Saturday, November 12, 2011

How to read a pattern chart

One of the most intimidating parts of putting together a sewing project is reading the chart on the back of the pattern.  It doesn't help that half of the text is in French, either.  The pattern chart contains vital information, like the nutritional data on a box of cereal, and mastering it is the key to a successful project.

The first thing you'll notice is a large, usually 4-digit number and a basic drawing of the garments included in the pattern.  We'll use the pattern I'm currently working on as an example: Simplicity 2172.  Each company (Simplicity, Butterick, Vogue, Laughing Moon, etc) will assign a number to each pattern that is unique to their own company.  Much like in Highlander, there can be only one Simplicity 2172.  If you look up Vogue 2172, however, you'll find a completely different pattern.

You like my outfit? I made it myself!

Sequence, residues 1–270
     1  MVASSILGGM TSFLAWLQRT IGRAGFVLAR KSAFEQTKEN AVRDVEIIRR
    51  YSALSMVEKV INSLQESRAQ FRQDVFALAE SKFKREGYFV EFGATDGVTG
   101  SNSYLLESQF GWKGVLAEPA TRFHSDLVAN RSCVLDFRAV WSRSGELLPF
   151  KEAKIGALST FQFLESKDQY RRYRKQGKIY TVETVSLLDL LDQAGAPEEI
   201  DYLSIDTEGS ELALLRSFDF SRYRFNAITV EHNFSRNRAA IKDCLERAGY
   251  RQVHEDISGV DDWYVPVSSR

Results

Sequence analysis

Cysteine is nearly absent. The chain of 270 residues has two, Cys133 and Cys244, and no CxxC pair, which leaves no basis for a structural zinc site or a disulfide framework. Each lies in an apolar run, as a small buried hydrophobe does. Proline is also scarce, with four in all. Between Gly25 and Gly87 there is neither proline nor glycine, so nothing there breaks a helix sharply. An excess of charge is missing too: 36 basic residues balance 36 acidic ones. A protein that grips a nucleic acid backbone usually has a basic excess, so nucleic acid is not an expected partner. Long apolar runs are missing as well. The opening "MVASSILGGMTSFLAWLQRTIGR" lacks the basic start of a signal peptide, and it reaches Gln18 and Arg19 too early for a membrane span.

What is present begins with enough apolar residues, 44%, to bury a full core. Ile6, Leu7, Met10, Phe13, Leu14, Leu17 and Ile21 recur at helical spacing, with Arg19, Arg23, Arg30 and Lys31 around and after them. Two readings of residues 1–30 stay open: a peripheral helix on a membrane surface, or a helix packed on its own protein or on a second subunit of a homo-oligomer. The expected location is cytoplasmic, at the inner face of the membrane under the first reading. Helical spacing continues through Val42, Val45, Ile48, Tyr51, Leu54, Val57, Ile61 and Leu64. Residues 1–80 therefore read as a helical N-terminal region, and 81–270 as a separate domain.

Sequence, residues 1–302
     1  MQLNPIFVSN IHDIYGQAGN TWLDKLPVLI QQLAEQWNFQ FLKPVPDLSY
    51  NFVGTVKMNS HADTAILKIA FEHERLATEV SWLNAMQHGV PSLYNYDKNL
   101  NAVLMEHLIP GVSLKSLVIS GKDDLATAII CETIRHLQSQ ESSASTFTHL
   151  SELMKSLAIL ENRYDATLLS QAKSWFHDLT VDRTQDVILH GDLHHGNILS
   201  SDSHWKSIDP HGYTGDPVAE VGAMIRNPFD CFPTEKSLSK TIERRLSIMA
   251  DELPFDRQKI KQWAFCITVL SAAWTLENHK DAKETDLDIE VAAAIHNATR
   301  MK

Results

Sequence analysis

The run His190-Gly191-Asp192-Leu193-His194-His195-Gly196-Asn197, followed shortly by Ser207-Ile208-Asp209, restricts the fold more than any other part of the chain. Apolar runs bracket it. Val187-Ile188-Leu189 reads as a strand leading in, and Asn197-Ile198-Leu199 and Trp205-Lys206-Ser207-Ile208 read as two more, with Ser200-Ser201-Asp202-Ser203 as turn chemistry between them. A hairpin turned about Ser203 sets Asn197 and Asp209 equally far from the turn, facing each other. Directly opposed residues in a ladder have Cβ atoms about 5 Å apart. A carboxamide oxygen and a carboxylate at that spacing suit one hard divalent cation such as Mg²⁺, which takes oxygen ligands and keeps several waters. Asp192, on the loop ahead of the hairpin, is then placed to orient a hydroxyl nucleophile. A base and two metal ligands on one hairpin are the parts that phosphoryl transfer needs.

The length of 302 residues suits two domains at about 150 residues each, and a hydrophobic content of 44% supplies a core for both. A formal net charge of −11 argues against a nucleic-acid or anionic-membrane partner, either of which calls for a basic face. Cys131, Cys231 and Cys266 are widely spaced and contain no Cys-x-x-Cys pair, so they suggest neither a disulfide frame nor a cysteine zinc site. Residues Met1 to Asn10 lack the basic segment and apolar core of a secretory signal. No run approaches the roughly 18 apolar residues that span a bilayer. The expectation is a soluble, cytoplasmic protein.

Most patterns will include a range of sizes in one packet.  Sometimes, they offer two or more size ranges for a particular pattern in different envelopes, so you'll want to pay close attention when purchasing.  There's nothing quite so annoying as getting super excited about a pattern, bringing it home, pulling out all the pieces, and realizing that it's way too small for your ample derriere.  Oh horrible,  oh horrible, most horrible!    This is complicated by the fact that sewing pattern sizes and fashion industry sizes are not the same.  If you want to get the correct size, you absolutely have to know how big your ass is in inches (or centimeters), and to do that, you absolutely have to take your measurements.  That's a whole 'nother blog post, though.  For now, we'll assume that you know, or have a pretty good idea of, what your body measurements are.